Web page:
But the damage has already been done. Not to Trump — to the media.

When the entire Wolff affair is said and done, it won’t be Trump who emerges worse off.

Trump has been making political hay out of the media’s bias against him for over two years. This week, he’s attacked the media again, suggesting that next week he hopes to hold a “Fake News Awards,” which presumably will come complete with little gold statuettes. The only way for the media to fight back would be with intrepid truth-telling: double-sourced non-rumor-mongering, a real attempt to fight back against confirmation bias. Instead, the media have chosen to run with anonymous sourcing that often turns to dross; they’ve been unable to hide their smiles when the news is bad for Trump, and unable to hide their frowns when the news helps Trump. That lends Trump credibility.

When the entire Wolff affair is said and done, then, it won’t be Trump who emerges worse off. Trump is what we always thought he was: an unstable, charismatic, volatile human being. The media, however, may have blown their credibility in the desire for a cheap hit — and all to promote Steve Bannon’s personal profile. That’s a major win for Trump, not the media that hate him.


Ben Shapiro is a best-selling author, editor-in-chief at The Daily Wire and host of the conservative podcast “The Ben Shapiro Show.”

Good news about bad news

Reporters at the White House on Feb. 27. Photo by Jonathan Ernst/Reuters

Everyone knows TV political journalism failed us during the 2016 campaign.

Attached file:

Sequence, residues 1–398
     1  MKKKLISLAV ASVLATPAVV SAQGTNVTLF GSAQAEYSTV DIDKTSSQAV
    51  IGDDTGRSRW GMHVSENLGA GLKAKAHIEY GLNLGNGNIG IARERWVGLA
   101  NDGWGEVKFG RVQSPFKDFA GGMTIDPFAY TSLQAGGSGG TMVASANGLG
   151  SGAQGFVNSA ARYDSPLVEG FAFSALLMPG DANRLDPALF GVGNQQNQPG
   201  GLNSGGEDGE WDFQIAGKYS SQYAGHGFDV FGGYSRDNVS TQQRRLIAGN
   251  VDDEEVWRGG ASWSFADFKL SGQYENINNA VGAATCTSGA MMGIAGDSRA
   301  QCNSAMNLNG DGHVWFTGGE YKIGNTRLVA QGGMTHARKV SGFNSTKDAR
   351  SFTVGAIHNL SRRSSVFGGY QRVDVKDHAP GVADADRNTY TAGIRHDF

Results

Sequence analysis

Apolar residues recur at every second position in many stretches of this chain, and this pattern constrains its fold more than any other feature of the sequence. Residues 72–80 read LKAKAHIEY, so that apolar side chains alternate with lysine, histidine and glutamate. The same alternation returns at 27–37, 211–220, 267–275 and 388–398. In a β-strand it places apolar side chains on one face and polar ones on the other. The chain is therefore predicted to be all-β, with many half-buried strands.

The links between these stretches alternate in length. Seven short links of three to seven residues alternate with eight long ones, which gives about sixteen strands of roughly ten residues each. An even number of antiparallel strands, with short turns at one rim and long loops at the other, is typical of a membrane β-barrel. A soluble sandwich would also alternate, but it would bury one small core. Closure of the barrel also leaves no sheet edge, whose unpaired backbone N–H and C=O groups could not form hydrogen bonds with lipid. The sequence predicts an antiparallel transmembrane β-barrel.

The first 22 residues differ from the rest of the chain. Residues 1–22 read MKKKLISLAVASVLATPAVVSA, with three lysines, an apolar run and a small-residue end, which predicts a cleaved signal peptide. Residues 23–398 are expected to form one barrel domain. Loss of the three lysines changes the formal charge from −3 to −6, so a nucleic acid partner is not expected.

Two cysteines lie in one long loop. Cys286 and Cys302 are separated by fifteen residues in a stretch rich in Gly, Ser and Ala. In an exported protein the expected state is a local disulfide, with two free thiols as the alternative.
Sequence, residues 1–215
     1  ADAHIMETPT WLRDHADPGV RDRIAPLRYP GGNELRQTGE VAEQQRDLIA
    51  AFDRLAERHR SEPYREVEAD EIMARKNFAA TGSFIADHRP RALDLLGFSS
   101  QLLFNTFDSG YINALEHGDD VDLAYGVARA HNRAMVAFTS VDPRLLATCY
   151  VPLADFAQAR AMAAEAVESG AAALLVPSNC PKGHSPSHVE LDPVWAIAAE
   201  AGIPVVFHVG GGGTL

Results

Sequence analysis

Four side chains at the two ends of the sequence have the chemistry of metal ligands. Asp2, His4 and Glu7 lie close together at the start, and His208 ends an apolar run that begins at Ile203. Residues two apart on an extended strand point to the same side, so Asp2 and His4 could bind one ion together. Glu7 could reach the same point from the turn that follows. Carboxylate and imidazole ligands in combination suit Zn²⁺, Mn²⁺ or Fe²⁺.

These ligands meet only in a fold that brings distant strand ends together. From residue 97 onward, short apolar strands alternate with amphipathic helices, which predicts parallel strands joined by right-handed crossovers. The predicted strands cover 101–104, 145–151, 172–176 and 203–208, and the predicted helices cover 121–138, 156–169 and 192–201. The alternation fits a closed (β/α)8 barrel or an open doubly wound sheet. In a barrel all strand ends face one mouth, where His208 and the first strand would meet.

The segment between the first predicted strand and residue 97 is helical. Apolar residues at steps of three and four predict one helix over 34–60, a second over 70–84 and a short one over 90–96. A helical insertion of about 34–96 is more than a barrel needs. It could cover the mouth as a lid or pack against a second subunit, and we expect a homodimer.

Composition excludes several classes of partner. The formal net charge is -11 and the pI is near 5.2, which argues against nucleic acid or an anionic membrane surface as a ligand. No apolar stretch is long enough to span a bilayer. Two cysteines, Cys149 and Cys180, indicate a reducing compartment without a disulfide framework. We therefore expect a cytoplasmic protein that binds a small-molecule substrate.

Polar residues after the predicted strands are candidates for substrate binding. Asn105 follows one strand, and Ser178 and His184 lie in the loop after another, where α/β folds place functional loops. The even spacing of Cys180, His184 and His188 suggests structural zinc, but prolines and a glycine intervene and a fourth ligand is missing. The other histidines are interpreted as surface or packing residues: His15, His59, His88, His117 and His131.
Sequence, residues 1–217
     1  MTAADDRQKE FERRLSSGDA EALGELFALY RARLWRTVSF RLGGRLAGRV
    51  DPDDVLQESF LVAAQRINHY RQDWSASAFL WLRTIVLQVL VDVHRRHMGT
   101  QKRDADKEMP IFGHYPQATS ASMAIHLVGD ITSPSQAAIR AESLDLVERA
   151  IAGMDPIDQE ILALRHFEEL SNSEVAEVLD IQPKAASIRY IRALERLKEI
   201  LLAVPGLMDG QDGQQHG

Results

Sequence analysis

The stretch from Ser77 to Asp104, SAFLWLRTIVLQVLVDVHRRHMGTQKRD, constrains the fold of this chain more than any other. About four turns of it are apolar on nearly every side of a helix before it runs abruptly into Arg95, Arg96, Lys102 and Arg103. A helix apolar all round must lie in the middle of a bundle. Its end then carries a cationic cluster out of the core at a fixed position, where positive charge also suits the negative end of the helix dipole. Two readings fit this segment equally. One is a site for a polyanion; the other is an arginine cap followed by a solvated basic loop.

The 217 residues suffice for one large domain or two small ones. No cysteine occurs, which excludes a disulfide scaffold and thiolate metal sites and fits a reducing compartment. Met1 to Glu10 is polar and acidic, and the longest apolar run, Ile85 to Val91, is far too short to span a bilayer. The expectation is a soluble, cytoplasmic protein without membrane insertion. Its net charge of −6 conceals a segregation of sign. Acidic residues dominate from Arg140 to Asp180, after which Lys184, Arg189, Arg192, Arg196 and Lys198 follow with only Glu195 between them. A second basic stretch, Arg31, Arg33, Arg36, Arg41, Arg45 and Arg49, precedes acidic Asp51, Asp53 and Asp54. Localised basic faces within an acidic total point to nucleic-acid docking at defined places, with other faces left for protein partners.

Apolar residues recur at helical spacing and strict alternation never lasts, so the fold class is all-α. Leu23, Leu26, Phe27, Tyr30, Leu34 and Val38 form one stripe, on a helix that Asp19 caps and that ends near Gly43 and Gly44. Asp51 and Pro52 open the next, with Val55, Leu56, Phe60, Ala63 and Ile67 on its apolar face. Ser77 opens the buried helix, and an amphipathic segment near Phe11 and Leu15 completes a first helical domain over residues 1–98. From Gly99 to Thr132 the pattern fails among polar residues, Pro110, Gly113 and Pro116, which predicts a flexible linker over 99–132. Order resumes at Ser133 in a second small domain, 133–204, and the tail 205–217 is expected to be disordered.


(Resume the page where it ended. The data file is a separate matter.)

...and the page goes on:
Everyone knows TV news was clueless about Donald Trump voters and blue states swinging red. Everyone knows anchors let lying candidates roll them. Everyone knows TV coverage hyped the horse race and gave issues the cold shoulder. Everyone knows the cable news default frame for covering controversy is he-said/she-said food fights. Everyone knows local news is all about crashes, crime and fluff. Everyone knows investigative reporting is a luxury local stations can’t afford. Everyone knows down-ballot races are ratings poison.

Well, sometimes something everyone knows is wrong.

Those charges aren’t baseless. I could program a YouTube channel 24/7 with clips that make me cringe. But I also can beat the drum for TV newsmen and newswomen who know what excellence is, who go for it every day and who make me hopeful that at a dangerous moment, TV news can countervail against propaganda, paranoia and a president who calls news media “the enemy of the people” and “scum.”